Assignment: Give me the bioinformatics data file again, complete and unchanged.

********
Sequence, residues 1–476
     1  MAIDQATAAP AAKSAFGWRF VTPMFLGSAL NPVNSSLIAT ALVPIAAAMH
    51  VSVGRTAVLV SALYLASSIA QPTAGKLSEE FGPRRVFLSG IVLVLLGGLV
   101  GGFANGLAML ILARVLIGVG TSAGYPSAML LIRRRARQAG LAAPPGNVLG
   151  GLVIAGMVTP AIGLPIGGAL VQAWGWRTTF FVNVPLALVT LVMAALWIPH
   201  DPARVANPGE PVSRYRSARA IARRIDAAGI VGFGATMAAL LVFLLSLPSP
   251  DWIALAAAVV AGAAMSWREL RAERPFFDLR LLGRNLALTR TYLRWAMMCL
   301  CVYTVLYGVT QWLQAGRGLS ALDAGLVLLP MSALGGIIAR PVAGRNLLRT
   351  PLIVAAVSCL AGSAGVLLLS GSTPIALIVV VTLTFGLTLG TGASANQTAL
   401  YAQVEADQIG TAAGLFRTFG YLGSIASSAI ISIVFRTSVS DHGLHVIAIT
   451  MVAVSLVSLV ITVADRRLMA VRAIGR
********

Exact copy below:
Sequence, residues 1–476
     1  MAIDQATAAP AAKSAFGWRF VTPMFLGSAL NPVNSSLIAT ALVPIAAAMH
    51  VSVGRTAVLV SALYLASSIA QPTAGKLSEE FGPRRVFLSG IVLVLLGGLV
   101  GGFANGLAML ILARVLIGVG TSAGYPSAML LIRRRARQAG LAAPPGNVLG
   151  GLVIAGMVTP AIGLPIGGAL VQAWGWRTTF FVNVPLALVT LVMAALWIPH
   201  DPARVANPGE PVSRYRSARA IARRIDAAGI VGFGATMAAL LVFLLSLPSP
   251  DWIALAAAVV AGAAMSWREL RAERPFFDLR LLGRNLALTR TYLRWAMMCL
   301  CVYTVLYGVT QWLQAGRGLS ALDAGLVLLP MSALGGIIAR PVAGRNLLRT
   351  PLIVAAVSCL AGSAGVLLLS GSTPIALIVV VTLTFGLTLG TGASANQTAL
   401  YAQVEADQIG TAAGLFRTFG YLGSIASSAI ISIVFRTSVS DHGLHVIAIT
   451  MVAVSLVSLV ITVADRRLMA VRAIGR